Cost-effectiveness analysis of the national perinatal hepatitis B prevention program.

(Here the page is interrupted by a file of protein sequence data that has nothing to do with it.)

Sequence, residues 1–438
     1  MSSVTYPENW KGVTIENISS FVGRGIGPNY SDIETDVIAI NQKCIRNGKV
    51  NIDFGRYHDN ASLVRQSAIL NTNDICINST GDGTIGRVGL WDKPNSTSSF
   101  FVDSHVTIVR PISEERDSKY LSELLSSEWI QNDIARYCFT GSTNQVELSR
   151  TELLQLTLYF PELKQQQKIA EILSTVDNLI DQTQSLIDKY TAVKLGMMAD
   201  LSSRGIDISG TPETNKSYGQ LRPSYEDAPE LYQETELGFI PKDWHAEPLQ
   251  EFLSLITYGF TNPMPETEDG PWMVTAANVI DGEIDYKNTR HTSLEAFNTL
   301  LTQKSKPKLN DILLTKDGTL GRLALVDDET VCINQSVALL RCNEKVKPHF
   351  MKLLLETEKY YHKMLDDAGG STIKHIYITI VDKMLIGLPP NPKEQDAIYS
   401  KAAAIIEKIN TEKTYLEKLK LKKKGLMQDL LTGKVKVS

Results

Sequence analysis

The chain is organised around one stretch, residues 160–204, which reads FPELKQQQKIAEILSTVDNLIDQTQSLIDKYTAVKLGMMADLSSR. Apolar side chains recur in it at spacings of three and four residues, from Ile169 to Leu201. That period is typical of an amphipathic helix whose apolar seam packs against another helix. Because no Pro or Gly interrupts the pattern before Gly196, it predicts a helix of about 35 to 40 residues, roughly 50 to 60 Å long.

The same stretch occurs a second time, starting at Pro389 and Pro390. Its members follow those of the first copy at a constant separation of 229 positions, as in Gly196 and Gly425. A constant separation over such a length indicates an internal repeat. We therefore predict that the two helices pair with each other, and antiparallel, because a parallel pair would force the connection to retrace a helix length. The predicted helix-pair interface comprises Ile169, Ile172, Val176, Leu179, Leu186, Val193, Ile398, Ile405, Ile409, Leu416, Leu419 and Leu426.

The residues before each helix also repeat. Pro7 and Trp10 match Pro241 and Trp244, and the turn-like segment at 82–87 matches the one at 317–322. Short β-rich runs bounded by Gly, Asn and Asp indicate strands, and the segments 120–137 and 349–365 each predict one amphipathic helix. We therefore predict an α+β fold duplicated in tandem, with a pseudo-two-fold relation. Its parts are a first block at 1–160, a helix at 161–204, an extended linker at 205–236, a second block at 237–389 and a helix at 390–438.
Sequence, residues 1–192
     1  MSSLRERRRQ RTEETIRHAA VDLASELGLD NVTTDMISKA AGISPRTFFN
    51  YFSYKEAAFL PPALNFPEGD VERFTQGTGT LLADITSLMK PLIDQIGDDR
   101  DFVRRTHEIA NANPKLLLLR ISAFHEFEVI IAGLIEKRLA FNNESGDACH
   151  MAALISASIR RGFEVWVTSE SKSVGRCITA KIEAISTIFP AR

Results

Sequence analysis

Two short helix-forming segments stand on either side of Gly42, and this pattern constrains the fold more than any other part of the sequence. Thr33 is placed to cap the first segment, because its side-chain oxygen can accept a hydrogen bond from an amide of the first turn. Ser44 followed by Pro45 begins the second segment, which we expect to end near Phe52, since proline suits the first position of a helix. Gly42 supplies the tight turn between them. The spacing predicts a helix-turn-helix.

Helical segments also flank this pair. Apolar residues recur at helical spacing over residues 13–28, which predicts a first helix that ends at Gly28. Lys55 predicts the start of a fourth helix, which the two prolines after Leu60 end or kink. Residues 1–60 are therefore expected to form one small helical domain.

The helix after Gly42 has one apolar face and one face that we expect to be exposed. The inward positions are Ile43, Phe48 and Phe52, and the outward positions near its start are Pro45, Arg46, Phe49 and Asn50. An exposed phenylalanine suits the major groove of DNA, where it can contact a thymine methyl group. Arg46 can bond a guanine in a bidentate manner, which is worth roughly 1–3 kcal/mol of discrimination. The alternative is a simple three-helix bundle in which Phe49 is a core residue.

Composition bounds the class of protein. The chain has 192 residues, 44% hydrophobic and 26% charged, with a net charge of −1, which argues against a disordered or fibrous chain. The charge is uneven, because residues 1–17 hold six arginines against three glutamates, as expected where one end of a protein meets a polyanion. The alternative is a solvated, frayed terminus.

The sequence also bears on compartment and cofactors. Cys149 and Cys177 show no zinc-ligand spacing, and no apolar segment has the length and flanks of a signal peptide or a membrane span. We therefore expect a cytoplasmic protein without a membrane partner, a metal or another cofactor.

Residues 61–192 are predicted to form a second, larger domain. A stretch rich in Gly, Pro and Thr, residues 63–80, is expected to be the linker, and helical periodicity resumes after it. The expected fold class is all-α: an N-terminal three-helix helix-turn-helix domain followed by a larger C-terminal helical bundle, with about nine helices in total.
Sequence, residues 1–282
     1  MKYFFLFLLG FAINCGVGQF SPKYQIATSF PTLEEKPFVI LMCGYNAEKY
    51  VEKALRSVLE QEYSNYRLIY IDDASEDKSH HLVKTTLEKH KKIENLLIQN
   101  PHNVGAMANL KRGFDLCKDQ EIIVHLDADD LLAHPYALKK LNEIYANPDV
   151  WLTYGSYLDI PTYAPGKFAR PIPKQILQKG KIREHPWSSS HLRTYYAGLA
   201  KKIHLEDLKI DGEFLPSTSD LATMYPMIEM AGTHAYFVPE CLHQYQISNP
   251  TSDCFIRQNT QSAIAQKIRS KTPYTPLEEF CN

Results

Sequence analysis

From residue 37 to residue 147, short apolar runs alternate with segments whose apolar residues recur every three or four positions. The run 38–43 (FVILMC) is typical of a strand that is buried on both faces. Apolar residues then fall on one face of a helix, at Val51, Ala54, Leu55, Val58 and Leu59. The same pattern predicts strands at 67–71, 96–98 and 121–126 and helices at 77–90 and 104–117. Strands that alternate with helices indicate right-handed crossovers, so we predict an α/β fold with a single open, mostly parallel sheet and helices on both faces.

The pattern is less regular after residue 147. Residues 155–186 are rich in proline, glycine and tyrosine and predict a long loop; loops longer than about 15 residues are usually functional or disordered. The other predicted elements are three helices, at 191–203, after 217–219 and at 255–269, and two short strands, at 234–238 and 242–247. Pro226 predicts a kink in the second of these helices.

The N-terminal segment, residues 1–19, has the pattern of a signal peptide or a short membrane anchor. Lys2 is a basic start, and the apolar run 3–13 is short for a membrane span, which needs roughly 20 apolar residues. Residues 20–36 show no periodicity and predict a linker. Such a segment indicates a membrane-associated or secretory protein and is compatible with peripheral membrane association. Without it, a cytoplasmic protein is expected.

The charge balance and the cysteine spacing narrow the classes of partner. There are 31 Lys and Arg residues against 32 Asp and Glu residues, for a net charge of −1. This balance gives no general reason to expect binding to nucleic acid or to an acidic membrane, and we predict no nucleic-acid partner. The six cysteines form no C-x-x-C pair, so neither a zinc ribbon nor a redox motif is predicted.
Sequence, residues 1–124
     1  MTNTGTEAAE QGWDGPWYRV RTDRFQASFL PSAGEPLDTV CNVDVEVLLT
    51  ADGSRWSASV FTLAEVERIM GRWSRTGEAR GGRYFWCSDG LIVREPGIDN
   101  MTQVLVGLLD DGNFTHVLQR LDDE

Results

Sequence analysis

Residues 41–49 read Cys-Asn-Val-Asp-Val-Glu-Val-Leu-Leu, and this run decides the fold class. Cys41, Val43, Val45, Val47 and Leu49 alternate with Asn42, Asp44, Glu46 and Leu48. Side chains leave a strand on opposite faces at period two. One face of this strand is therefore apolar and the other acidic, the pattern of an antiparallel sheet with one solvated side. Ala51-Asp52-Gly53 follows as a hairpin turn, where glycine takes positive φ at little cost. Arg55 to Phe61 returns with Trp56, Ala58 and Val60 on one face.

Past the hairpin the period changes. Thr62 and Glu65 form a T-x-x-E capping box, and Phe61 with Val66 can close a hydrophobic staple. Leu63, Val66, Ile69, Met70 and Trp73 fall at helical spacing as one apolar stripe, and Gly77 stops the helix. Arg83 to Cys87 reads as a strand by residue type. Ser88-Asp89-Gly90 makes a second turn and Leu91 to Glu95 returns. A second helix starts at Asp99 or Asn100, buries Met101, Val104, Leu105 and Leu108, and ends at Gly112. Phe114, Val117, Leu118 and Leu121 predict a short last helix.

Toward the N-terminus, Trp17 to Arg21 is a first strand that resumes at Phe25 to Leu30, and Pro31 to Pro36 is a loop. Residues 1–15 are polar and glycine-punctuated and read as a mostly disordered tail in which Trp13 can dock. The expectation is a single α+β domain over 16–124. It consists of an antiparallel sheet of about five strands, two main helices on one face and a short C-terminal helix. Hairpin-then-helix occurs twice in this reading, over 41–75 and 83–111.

OBJECTIVE: To analyze the cost-effectiveness of the national Perinatal Hepatitis B Prevention Program (PHBPP) over the lifetime of the 2009 US birth cohort and compare the costs and outcomes of the program to a scenario without PHBPP support. PHBPP's goals are to ensure all infants born to hepatitis B (HepB) surface antigen-positive women receive timely postexposure prophylaxis, complete HepB vaccine series, and obtain serologic testing after series completion. METHODS: A decision analytic tree and a long-term Markov model represented the risk of perinatal and childhood infections under different prevention alternatives, and the long-term health and economic consequences of HepB infection. Outcome measures were the number of perinatal infections and childhood infections from infants born to HepB surface antigen-positive women, quality-adjusted life-years (QALYs), lifetime costs, and incremental cost per QALY gained. The health outcomes and total costs of each strategy were compared incrementally. Costs were evaluated from the health care system perspective and expressed in US dollars at a 2010 price base. RESULTS: In all analyses, the PHBPP increased QALYs and led to higher reductions in the number of perinatal and childhood infections than no PHBPP, with a cost-effectiveness ratio of $2602 per QALY. In sensitivity analyses, the cost-effectiveness ratio was robust to variations in model inputs, and there were instances where the program was both more effective and cost saving. CONCLUSIONS: This study indicated that the current PHBPP represents a cost-effective use of resources, and ensuring the program reaches all pregnant women could present additional public health benefits